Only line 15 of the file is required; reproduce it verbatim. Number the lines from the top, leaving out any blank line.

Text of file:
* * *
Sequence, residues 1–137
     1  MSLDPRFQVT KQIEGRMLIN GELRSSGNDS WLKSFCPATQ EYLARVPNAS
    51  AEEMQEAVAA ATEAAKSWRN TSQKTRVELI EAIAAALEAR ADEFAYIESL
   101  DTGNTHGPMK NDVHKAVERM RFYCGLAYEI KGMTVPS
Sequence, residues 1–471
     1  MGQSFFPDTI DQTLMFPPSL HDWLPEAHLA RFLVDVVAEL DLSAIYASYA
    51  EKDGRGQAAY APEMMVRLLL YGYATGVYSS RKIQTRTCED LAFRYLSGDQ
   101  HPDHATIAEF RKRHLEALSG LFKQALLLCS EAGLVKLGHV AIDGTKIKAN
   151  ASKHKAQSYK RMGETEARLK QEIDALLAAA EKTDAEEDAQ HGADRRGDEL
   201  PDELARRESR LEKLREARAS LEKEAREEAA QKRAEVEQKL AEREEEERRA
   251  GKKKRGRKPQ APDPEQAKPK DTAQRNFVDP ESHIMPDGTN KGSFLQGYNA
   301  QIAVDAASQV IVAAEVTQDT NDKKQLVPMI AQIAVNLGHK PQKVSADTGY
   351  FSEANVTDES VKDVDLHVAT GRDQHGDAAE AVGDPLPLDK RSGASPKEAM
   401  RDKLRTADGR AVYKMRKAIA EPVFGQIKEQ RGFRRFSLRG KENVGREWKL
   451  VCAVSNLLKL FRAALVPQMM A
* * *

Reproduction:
   451  VCAVSNLLKL FRAALVPQMM A